• To allow you to personalize the Mondaq websites you are visiting to show content ("Content") relevant to your interests.
  • To enable features such as password reminder, news alerts, email a colleague, and linking from Mondaq (and its affiliate sites) to your website.
  • To produce demographic feedback for our content providers ("Contributors") who contribute Content for free for your use.

Mondaq hopes that our registered users will support us in maintaining our free to view business model by consenting to our use of your personal data as described below.

Mondaq has a "free to view" business model. Our services are paid for by Contributors in exchange for Mondaq providing them with access to information about who accesses their content. Once personal data is transferred to our Contributors they become a data controller of this personal data. They use it to measure the response that their articles are receiving, as a form of market research. They may also use it to provide Mondaq users with information about their products and services.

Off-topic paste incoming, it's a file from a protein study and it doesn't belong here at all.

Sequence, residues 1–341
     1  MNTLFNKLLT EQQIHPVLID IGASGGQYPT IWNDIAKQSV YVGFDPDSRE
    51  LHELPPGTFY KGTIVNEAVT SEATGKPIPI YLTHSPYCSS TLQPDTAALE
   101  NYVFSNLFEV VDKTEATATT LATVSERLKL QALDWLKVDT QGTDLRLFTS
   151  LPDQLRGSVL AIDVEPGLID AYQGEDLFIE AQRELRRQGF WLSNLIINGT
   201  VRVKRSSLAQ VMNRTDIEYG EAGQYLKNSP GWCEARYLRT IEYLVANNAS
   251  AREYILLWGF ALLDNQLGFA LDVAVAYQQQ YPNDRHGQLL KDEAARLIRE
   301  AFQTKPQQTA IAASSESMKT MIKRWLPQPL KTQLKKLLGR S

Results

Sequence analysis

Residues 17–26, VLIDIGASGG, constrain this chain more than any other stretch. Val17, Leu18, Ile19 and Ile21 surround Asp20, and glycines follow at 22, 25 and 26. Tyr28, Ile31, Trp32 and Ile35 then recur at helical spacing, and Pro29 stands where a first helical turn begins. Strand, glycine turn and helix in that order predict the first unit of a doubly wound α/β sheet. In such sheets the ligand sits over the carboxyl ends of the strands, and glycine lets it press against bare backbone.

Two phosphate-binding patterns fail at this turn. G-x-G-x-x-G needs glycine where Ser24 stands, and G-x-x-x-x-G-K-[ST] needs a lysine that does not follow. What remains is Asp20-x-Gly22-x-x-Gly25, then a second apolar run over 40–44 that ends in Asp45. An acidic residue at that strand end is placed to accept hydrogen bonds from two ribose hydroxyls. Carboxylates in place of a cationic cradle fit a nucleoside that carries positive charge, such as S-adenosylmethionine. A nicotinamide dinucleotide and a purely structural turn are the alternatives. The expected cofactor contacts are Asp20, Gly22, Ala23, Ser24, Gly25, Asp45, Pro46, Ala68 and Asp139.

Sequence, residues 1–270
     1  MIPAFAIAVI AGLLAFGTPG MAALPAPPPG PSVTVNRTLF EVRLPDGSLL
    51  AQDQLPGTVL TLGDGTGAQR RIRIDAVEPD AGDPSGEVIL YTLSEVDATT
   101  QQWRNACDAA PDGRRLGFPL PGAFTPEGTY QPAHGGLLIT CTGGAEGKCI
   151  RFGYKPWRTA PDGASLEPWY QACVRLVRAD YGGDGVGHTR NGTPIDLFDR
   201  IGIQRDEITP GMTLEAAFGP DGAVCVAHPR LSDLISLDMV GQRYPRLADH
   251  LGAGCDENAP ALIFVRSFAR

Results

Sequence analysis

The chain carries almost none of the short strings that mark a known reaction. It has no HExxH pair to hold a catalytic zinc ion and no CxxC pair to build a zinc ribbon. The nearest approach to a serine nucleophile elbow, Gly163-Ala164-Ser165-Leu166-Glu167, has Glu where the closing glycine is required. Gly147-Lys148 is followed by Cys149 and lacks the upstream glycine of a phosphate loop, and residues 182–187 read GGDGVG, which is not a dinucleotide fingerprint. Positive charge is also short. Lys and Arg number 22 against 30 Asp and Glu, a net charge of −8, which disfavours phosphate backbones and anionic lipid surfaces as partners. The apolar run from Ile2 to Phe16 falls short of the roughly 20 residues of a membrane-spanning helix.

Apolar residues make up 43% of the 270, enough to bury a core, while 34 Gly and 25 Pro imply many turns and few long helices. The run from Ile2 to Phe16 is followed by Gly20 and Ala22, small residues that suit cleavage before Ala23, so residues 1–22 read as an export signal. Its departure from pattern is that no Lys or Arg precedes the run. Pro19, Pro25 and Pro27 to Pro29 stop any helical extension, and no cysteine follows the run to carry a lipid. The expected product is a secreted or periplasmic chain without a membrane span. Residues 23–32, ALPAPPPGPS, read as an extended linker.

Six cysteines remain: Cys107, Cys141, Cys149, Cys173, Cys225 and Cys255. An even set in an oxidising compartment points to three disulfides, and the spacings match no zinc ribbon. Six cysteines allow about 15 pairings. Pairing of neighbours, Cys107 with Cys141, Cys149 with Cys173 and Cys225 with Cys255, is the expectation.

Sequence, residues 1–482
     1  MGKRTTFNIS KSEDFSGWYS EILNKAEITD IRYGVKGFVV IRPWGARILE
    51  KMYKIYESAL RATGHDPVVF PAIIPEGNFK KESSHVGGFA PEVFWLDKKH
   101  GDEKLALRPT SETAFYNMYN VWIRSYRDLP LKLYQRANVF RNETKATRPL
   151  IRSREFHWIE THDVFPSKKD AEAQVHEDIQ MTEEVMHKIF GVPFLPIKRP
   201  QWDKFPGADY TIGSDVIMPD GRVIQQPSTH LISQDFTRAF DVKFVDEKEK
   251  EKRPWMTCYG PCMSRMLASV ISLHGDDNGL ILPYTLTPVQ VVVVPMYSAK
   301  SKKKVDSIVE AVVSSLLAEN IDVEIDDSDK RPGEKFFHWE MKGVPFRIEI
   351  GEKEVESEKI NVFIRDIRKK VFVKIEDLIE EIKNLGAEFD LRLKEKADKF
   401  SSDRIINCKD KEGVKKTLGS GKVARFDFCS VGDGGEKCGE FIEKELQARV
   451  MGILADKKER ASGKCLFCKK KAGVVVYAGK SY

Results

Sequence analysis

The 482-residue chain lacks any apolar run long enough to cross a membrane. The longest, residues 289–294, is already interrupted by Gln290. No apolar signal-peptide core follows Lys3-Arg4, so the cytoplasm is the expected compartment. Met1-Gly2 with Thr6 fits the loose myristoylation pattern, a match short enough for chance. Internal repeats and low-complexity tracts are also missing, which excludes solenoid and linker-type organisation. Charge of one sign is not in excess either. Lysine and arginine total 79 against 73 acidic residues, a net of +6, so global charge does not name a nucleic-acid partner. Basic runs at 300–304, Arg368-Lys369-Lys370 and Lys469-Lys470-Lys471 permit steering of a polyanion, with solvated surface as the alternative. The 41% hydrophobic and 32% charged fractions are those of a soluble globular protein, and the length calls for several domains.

Details of each Contributor to which your personal data will be transferred is clearly stated within the Content that you access. For full details of how this Contributor will use your personal data, you should review the Contributor’s own Privacy Notice.

Please indicate your preference below:

Yes, I am happy to support Mondaq in maintaining its free to view business model by agreeing to allow Mondaq to share my personal data with Contributors whose Content I access
No, I do not want Mondaq to share my personal data with Contributors

Also please let us know whether you are happy to receive communications promoting products and services offered by Mondaq:

Yes, I am happy to received promotional communications from Mondaq
No, please do not send me promotional communications from Mondaq
Terms & Conditions

Mondaq.com (the Website) is owned and managed by Mondaq Ltd (Mondaq). Mondaq grants you a non-exclusive, revocable licence to access the Website and associated services, such as the Mondaq News Alerts (Services), subject to and in consideration of your compliance with the following terms and conditions of use (Terms). Your use of the Website and/or Services constitutes your agreement to the Terms. Mondaq may terminate your use of the Website and Services if you are in breach of these Terms or if Mondaq decides to terminate the licence granted hereunder for any reason whatsoever.